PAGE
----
Spring Cleaning Ideas for Membership Pros
Get rid of that "we've always done it that way" smell with these four ideas for refreshing your association's membership tactics.
April is here. Technically, it has been spring for a couple weeks, even though it may not feel like it just yet in your part of the country. Either way, spring is a time for renewal. It’s time for shaking off the cobwebs that gathered while we hunkered down for the winter. It’s time for cleaning: your desk, your house, or even your membership practices.
If a lot of the work your association is doing in membership feels like “you’ve always done it this way,” maybe it’s time for a good spring cleaning. Here are four quick ideas for refreshing your membership tactics, with perspectives (some oldies, but goodies) borrowed from a few smart association thinkers:
“Narrow your focus of benefits! We don’t live in a, ‘throw it on the wall and see what sticks’ world anymore. It is imperative associations pick the three to five things they do better than anyone in the world, handcuff their members to it, and give them a reason to love it. MTI [Metal Treating Institute] does five things their members need, better than anyone in the world of its industry, and that members can’t do effectively on their own.”
—Tom Morrison, in “WOW … This Membership Thing Really Works!” September 27, 2011
“[I]t’s just a bill. And an impersonal one at that. No cover letter from the organization’s leadership. No images of people (not stock photography) that reinforce this is a community of like-minded colleagues. No narrative or appeal designed to renew my enthusiasm for the profession and/or the organization. The little marketing text offered seems like an afterthought, stuck on the back of the invoice page and drawing on fairly nondescript boilerplate copy. So in the end it’s just a bill. But it could be so much more.”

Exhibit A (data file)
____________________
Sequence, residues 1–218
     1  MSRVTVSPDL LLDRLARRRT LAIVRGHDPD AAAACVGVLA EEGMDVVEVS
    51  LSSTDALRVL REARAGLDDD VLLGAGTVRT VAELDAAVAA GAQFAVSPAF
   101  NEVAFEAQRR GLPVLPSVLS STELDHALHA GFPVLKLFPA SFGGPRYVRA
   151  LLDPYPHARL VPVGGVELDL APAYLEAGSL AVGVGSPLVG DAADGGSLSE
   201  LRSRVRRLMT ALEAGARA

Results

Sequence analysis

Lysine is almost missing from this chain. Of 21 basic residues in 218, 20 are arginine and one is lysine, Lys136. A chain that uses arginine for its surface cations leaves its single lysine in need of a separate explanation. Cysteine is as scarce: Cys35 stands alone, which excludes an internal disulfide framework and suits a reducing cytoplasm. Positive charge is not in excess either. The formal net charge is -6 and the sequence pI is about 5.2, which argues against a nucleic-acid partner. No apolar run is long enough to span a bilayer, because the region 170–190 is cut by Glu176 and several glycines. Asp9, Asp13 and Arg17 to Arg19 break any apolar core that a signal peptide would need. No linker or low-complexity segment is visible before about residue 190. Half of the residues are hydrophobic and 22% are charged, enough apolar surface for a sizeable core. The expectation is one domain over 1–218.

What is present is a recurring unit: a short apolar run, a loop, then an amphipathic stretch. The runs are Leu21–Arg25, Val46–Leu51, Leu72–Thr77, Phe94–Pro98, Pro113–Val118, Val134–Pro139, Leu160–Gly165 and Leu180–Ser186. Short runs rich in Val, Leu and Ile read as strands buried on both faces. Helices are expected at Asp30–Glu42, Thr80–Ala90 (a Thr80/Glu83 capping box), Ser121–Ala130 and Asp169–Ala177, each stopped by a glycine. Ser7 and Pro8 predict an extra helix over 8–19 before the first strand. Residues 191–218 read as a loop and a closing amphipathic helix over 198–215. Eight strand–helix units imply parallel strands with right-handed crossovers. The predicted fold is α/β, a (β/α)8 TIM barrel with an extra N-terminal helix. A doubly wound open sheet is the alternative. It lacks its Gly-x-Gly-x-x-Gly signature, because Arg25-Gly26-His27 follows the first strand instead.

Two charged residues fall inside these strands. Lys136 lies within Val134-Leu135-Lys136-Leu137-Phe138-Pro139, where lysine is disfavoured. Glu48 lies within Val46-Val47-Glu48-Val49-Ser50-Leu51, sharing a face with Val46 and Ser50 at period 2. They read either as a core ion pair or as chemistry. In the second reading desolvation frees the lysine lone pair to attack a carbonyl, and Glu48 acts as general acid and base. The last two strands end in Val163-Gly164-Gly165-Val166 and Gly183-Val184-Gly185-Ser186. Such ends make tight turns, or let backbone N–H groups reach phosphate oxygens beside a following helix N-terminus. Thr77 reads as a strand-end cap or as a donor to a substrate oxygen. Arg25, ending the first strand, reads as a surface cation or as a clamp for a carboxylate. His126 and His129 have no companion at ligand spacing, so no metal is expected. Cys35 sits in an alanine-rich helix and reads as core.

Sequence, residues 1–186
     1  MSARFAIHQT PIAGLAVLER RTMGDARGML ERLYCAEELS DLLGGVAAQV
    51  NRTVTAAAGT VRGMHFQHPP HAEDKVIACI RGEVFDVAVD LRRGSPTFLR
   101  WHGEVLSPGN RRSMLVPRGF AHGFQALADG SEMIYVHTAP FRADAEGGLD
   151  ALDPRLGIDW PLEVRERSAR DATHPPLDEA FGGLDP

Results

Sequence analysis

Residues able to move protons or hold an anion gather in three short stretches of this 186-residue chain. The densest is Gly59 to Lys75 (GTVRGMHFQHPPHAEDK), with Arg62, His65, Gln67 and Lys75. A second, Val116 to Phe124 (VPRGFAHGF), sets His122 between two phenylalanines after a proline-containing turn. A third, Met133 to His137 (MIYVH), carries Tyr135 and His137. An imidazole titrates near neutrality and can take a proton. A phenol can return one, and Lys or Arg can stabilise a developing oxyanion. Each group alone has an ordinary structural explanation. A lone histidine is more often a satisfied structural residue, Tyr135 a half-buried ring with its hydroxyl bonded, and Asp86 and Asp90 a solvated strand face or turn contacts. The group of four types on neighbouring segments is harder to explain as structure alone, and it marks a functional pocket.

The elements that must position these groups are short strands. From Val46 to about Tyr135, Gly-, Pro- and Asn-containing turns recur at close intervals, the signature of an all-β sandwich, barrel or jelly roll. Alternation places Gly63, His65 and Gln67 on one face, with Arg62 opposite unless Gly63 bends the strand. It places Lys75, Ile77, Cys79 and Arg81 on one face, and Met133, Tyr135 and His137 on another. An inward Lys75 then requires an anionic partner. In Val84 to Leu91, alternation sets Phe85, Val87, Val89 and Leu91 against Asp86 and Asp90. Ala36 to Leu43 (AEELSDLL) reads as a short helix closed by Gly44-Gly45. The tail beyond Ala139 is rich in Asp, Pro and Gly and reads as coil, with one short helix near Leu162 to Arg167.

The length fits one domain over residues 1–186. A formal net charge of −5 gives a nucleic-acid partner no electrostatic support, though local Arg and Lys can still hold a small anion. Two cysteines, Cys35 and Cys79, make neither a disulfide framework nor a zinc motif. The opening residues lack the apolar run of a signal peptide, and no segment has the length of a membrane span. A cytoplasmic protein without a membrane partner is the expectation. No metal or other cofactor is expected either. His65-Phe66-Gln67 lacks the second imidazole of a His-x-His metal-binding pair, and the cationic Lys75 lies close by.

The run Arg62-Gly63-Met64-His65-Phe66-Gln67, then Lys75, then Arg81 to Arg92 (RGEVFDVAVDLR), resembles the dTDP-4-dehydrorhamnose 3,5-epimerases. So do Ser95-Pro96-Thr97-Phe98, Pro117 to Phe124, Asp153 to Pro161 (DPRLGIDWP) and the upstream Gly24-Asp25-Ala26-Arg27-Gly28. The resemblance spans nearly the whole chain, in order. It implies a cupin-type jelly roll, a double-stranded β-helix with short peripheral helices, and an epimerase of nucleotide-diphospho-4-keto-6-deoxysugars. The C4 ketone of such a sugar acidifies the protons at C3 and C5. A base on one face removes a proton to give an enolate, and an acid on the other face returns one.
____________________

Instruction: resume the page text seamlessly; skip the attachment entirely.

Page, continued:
—Jeffrey Cufaude, in “What is it that you want to renew?” September 22, 2010
“It has been my observation that the demand for membership renewals is fairly inelastic of price. In other words, a percentage increase in dues rates generally does not translate into an equal or greater percentage drop in renewals rates. The demand for the membership holds. At least up to a point. … The bottom line—based on the the aggregate data—it appears if an organization can keep a dues increase to under 20 percent there will not be a drop in overall renewal rates. But going over a 20 percent dues increase may errode renewal numbers.”
—Tony Rossell, in “The Impact of a Membership Dues Increase on Renewal Rates,” October 20, 2011
“When it comes to data, there is a direct correlation between the quality of the data and the accuracy of the analysis. I’m no longer surprised at the high number of duplicate records, and the high percentage of incomplete, inaccurate, and inconsistent data we find when we begin to analyze an association’s data. Because it is difficult to quantify the value of data in the same way we can measure cash, buildings, and people, the activities designed to manage and protect data as an asset are often low on the priority list.”
—Debbie King, in “Cleaner Data, Better Intelligence,” February 6, 2013
What else is due for decluttering or could use a good polish at your association? If you’re in the mood for some spring cleaning, please share your ideas for refreshing your membership practices in the comments below.